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dc.contributor.authorVear, Craigen
dc.date.accessioned2015-11-30T10:21:10Z
dc.date.available2015-11-30T10:21:10Z
dc.date.issued2014
dc.identifier.citationVear, C. (2014) Exploring the Creativity Code – investigations into the use of Fuzzy Logic and Artificial Intelligence in the composition of hypermedia performance. In: Davismoon, S. Immersive, Interactive, Real and Imagined Sonic Environments: Encountering the Aural Muse in Imagined, Implied Spaces, in Intelligent Technologies for Interactive Entertainment: 6th International Conference, INTETAIN 2014 Proceedings, Springer, pp.115en
dc.identifier.urihttp://hdl.handle.net/2086/11372
dc.descriptionThis paper will reflect on several practice-based investigations that examined the transformational effect of performing artists collaborating with thinking machines. A series of works have been created that forefront the laptop as performer. Embedded within the algorithmic logic of these machines are aesthetic choices that contribute to the fluid realisation of each work. In a sense, these machines are endowed with the composer’s aesthetic choices, which are realised live through performance and their interaction with humans. Piece 1: Three Last Voices (2012) was commissioned by Vale of Glamorgan International Music Festival uses generative algorithms and networked communications to present scores to improvising musicians. Piece 2: Black Cats and Blues a hypermedia concerto for cello and digital technologies (2013-4) uses camera analysis of the performer’s motions. Piece 3: QuickSilver for dancer, cello, Kyma and digital projection technology (2014) uses audio and video tracking to generate scores and visual design. Each of these are considered as hypermedial organisms in which the boundaries of individuality are blurred through the interaction of digital technology, and creativity is fused selflessly within a lived understanding of a whole instrument. This paper will reflect upon the human computer relationship between the corporeal performers with the technological performers, and review existing work on mapping human creativity (e.g. H Zedan et al 2008). Furthermore, it will ponder on the Turing Test nature of these findings, by identifying what it was in the code that the humans understood to be ‘exhibiting intelligent behaviour equivalent to, or indistinguishable from, that of a human’. In short, is there such a thing as a Creativity Code?en
dc.description.abstractThis paper will reflect on several practice-based investigations that examined the transformational effect of performing artists collaborating with thinking machines. A series of works have been created that forefront the laptop as performer. Embedded within the algorithmic logic of these machines are aesthetic choices that contribute to the fluid realisation of each work. In a sense, these machines are endowed with the composer’s aesthetic choices, which are realised live through performance and their interaction with humans. Piece 1: Three Last Voices (2012) was commissioned by Vale of Glamorgan International Music Festival uses generative algorithms and networked communications to present scores to improvising musicians. Piece 2: Black Cats and Blues a hypermedia concerto for cello and digital technologies (2013-4) uses camera analysis of the performer’s motions. Piece 3: QuickSilver for dancer, cello, Kyma and digital projection technology (2014) uses audio and video tracking to generate scores and visual design. Each of these are considered as hypermedial organisms in which the boundaries of individuality are blurred through the interaction of digital technology, and creativity is fused selflessly within a lived understanding of a whole instrument. This paper will reflect upon the human computer relationship between the corporeal performers with the technological performers, and review existing work on mapping human creativity (e.g. H Zedan et al 2008). Furthermore, it will ponder on the Turing Test nature of these findings, by identifying what it was in the code that the humans understood to be ‘exhibiting intelligent behaviour equivalent to, or indistinguishable from, that of a human’. In short, is there such a thing as a Creativity Code?en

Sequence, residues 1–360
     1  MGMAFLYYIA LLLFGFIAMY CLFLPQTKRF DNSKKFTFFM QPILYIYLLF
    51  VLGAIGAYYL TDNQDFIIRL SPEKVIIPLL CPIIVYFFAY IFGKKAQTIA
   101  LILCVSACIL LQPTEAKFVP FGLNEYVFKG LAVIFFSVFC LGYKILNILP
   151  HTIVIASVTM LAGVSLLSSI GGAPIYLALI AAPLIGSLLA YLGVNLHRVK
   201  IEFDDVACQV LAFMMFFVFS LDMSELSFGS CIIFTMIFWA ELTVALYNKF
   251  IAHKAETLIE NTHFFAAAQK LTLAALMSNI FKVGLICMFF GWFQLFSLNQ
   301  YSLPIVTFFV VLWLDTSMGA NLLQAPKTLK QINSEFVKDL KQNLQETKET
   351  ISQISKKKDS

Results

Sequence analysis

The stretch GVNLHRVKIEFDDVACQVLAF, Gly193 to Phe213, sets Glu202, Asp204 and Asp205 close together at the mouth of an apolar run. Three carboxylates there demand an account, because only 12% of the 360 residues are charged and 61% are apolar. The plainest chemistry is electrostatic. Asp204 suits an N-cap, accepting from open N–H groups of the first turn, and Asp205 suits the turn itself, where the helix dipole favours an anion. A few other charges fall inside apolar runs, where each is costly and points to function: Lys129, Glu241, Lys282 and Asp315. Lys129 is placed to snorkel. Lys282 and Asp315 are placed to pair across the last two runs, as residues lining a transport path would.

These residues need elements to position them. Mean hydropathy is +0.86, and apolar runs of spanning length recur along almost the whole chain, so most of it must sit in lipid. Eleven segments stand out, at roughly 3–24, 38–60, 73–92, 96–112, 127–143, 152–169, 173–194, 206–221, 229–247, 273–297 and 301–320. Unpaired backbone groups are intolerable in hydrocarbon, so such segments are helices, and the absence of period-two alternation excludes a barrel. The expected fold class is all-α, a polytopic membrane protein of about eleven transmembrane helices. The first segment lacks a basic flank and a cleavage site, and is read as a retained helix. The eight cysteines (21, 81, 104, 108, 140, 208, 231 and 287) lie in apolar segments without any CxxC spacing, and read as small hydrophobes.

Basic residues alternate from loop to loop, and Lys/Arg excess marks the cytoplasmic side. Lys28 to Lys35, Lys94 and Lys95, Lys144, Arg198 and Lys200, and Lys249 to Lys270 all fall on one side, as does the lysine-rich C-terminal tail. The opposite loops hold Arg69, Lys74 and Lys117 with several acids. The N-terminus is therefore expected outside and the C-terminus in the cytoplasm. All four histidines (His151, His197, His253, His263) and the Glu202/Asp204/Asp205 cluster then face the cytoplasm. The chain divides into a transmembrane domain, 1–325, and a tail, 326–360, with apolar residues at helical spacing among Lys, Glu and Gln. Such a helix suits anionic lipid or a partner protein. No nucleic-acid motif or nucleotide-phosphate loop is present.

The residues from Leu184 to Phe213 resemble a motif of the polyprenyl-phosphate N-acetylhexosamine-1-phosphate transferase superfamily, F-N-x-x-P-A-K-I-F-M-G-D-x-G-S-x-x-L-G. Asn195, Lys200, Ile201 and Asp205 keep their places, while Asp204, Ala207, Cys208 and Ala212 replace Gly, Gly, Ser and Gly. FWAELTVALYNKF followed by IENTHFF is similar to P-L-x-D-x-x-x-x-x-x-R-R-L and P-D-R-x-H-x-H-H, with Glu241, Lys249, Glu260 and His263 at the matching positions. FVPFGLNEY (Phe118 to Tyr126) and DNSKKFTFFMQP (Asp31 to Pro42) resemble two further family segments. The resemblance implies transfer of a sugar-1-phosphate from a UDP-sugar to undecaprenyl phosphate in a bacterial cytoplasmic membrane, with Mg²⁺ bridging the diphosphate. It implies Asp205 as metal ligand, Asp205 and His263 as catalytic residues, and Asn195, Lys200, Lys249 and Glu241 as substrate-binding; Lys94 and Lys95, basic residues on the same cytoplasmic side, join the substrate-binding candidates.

dc.publisherSpringeren
dc.subjectAIen
dc.subjectCompositionen
dc.subjecthuman-computer interactionen
dc.titleExploring the Creativity Code – investigations into the use of Fuzzy Logic and Artificial Intelligence in the composition of hypermedia performance.en
dc.typeArticleen
dc.peerreviewedYesen
dc.fundernoneen
dc.projectid2en
dc.researchinstituteMusic, Technology and Innovation - Institute for Sonic Creativity (MTI2)en


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